This Week in Southeast Asian Studies (TWISEA)
September 11, 2015
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"My main interest is in the democratic development of Myanmar, specifically in the intersection of the political and civil societies in the democratization of the state," wrote Erin McAuliffe
This week, we will hear from Erin McAuliffe. She will be entering the MA program in Southeast Asian Studies this fall.

I grew up near Boston, completed my BA in Political Science at Ohio State, and am currently living in Chiang Saen, Thailand, on a Fulbright Grant. Aside from an interest in Southeast Asia, I am also an avid cyclist and competitive ballroom dancer.
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Upcoming Event (1)

Posters, Banners, and Scribbles

Urban Inscriptions, Contested Space, and the Public Sphere in Indonesia

By Karen Strassler

Friday, October 9, 3:30pm - 5:30pm
Simpson Center for the Humanities at UW, CMU 226

Since 1998, the urban street has become a particularly dense zone of communication and in Indonesia. The unprecedented access to the street as a surface for inscription in the post-Suharto period has been celebrated as a material embodiment of a new democratic era of openness and popular participation. Yet the polyphony of the street with its chaotic mix of advertising, sloganeering, art, and graffiti also serves as a potent symbol of the breakdown of order that accompanied the end of state control over public discourse. Like pollution and traffic, the visual noise of the city has become a subject of public concern, spurring debate about who has the right to mark city surfaces, which kind of inscriptions are of value, and when and how public writing should be regulated. These debates, I argue, entail imaginings of and contests over the nature of the post-authoritarian public sphere.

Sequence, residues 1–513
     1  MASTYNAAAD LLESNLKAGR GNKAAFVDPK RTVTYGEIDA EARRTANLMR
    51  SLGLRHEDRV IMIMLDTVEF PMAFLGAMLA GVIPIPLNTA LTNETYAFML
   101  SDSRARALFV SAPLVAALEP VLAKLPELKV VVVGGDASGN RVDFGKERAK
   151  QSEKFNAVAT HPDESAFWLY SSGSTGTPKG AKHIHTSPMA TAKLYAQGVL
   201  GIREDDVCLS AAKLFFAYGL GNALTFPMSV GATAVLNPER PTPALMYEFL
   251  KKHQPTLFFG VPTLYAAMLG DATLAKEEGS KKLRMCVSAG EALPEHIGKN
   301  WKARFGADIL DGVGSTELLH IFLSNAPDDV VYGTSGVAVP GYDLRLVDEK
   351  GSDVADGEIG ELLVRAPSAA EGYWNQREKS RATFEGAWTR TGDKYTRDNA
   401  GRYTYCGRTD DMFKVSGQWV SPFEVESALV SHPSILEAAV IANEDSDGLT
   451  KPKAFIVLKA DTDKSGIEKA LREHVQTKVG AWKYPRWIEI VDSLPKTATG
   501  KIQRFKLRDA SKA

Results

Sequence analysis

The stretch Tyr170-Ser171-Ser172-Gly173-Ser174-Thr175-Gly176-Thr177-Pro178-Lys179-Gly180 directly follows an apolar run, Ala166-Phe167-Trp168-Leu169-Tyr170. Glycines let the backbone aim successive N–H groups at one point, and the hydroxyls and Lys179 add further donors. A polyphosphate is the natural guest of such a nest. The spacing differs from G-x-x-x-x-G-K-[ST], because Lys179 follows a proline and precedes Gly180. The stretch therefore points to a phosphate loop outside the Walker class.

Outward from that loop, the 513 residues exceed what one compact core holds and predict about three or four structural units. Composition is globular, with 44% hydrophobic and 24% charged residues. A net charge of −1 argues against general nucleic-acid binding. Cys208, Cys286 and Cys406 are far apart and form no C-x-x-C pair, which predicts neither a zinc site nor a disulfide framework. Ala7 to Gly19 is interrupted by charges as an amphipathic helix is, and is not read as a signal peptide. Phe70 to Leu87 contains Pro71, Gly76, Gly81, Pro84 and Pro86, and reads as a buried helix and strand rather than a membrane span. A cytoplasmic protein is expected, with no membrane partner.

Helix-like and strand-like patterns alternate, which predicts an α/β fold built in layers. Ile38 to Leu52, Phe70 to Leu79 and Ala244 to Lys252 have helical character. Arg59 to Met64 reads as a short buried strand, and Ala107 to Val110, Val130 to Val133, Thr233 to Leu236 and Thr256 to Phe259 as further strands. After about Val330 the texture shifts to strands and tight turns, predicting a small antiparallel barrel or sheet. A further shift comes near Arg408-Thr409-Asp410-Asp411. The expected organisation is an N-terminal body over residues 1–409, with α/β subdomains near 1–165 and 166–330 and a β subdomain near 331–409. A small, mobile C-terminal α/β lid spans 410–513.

Karen Strassler is Associate Professor of Anthropology, Queens College and CUNY Graduate Center. Her current research centers on media and the work of images in Indonesia’s post-authoritarian public sphere. Her book, Refracted Visions: Popular Photography and National Modernity in Java (Duke UP, 2010), examined the role of photography in the production of national subjects, spaces, and imaginaries in postcolonial Indonesia. She teaches at Queens College and the CUNY Graduate Center.​

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This section lists news items and other recently-published resources that have been recommended by faculty and grad students over the past week. To submit an item for next week, email

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For general information on funding sources, including FLAS, visit the SEAC website
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